(Originally published on March 15, 2021) As one of those few Americans who follows the CFL religiously but also lives in a country where anything not "NFL" is deemed inferior, the last week in Canadian football news has been, by all accounts, a very surreal one. It began with the death of a beloved player and one who unfortunately, due to my lack of access to the Canadian airwaves 40 years ago, I never got to see play. The remembrance of him reminded me of the days after Walter Payton's untimely death here in the home of American pro football, Chicago (sorry Canton, but that is a fact). We as fans both north and south love our heroes of the past. However, it abruptly turned when news broke about where the Canadian pro game is heading.
So, as you take a look at the two videos below you may be thinking, this isn't CFL or for that matter even football related. Oh dear reader, rest assured this is not click bait, but rather an ode to what it is that makes all of us root for our leagues and teams, the passion of being a fan. As a Cubs fan from my earliest days (1977 to be exact is when baseball became part of my world) I think I know a few things about being not just a fan, but a long suffering one. I am also a die hard Arizona Cardinals fan, as well as a Bears and Sox fan, and like with many of the women who I have dated, I know disappointment. However, that is not not why I am writing this, but rather to remind you, the reader, that whenever someone questions you on your CFL or XFL loyalty and passion, tell them to go stuff themselves, for they don't know what a true fan is if they are questioning your passion or loyalty for leagues and teams that many have neither heard or or care about.
I remember waking up on Sunday, February 9, 2020 with a sense of a new chapter beginning that day. Pulling into MetLife Stadium seeing tailgate tents, cornhole, the smoke of grills, it all reminded me of my college Saturdays down south. Never being a real follower of the NFL, there was the feeling that this was truly something different, and it was. It. Was. The. XFL! ~ By James @ the Sports Throne
"U.S. Football Fans Urge CFL to Play in St. Louis"
Heartbroken fans have turned to the CFL with the hope they could still have a team in St. Louis after the NFL Rams moved to Los Angeles.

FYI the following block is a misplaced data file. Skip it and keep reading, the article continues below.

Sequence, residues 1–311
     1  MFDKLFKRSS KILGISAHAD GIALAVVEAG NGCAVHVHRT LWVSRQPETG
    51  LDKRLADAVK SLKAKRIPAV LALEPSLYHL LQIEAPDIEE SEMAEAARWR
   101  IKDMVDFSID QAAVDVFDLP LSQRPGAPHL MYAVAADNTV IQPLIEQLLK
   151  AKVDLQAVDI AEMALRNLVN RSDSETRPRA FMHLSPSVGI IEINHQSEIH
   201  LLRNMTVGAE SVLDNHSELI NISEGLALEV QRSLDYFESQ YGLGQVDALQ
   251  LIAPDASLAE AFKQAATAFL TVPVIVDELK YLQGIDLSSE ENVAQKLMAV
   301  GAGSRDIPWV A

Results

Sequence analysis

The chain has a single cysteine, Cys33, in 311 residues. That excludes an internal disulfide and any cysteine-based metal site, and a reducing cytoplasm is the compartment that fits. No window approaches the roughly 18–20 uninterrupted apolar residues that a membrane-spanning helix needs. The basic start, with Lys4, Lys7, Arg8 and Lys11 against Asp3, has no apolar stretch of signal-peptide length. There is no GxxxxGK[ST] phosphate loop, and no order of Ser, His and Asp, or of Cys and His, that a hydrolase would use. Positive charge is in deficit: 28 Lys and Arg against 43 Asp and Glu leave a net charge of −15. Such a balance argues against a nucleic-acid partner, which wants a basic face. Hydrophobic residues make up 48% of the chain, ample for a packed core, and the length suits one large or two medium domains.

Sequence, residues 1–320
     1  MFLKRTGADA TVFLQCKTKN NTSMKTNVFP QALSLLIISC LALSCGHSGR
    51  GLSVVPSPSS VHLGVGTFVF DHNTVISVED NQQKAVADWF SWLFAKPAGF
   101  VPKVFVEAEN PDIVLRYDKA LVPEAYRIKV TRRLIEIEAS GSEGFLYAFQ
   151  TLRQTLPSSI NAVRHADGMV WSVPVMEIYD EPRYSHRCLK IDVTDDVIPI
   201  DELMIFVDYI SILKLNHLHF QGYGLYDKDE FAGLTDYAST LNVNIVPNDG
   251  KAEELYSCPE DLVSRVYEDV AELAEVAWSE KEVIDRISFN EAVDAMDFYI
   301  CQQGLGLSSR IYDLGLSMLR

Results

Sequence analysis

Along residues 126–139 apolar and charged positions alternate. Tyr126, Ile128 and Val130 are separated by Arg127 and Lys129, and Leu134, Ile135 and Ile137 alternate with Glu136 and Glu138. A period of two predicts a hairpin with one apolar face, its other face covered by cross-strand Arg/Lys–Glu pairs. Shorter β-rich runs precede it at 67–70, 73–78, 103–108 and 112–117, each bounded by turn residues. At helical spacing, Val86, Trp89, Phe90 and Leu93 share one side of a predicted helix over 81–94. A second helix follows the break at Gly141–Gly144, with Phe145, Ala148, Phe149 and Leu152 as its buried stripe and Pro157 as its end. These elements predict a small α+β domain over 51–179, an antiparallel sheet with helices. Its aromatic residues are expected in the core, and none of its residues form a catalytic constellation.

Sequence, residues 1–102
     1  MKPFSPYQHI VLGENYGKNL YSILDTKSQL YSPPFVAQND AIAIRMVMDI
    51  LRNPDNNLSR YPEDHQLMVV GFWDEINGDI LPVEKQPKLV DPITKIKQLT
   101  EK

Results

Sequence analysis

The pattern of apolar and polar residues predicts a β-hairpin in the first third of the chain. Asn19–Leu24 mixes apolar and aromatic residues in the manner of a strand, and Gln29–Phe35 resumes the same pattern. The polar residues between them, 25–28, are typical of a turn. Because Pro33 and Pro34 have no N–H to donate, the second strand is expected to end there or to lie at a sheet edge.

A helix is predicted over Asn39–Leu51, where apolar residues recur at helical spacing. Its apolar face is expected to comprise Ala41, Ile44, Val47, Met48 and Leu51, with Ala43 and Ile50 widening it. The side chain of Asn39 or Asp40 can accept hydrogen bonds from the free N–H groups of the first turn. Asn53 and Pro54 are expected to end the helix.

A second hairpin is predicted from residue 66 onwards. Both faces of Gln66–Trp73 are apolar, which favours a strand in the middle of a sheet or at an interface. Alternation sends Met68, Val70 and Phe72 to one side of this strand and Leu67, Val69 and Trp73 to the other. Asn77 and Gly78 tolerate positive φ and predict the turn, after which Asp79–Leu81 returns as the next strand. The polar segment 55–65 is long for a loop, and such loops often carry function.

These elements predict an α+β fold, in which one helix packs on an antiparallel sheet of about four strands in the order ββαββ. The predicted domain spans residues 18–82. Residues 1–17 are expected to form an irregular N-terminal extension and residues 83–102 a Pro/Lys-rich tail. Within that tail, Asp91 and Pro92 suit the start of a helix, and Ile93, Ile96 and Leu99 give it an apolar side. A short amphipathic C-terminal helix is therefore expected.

Sadly Steve Daniel was laid off by the CFL in September of 2020 due to the COVID-19 fallout. I sure hope he is doing well and has succeeded in obtaining that PhD he spoke of to the Toronto Sun. When I speak of the passion of the game of Canadian football to Americans it is because of people like Steve, for they, along with the players, are the true back bone of the CFL. Men like Steve and countless others behind the scenes are the modern day hidden figures who have made the league "go" for it's entire lifetime. Without men with the passion of Steve and the others who have poured their heart and soul into the CFL, the league would have never made it into the 21st Century. Hopefully soon the CFL will return and men like Steve can return to the game they love and continue doing the wonderful things they have done for Canadian football for many many years to come!
CFL expansion into the country was the brainchild of former Commissioner Larry Smith. He envisioned a Canadian League with up to 24 teams, including 8 to 10 teams in American cities, and new teams for Montreal and the Maritimes as well by 1998. Unfortunately, America's CFL entries struggled financially, forcing the CFL to withdraw from the US as quickly as it had entered. Though Smith's idea ultimately proved to be unsuccessful, for three seasons these teams played the distinct game of Canadian football on American soil. This is their story.
Yes, the title of the post is deceiving, but whether we are talking about American or Canadian football, the point is the same, for though sports are universally beloved, in the last year science fiction became science fact in the form of big league sports being played in empty stadiums. Well, except for the CFL.
Specifically, in the 1970s, the now legendary George R. R. Martin wrote a fantastical tale about the end odownfall of them all in “The Last Super Bowl,” a fantastically written short story in February 1975’s issue of Gallery Magazine, a men’s magazine.
The story is actually two tales, as he covers the last Super Bowl which takes place in January 2016 and interjects the depiction of that Super Bowl, between the Green Bay Packers and the Hoboken Jets, and the downfall of real sports. Real sports, in the 2016 of Martin’s fictional world, have been overtaken in popularity by simulated sports.
Simulated sports are controlled by a computer that can put any team, from any era, against any other for the enjoyment of the spectators. The technology he describes in the computers that control the simulated sports were science fiction in 1974, but in 2021, our computers are powerful enough to create those simulations. Just look at video games like Electronic Arts’ Madden Series and Canuck Play's Flutie Maximum Football.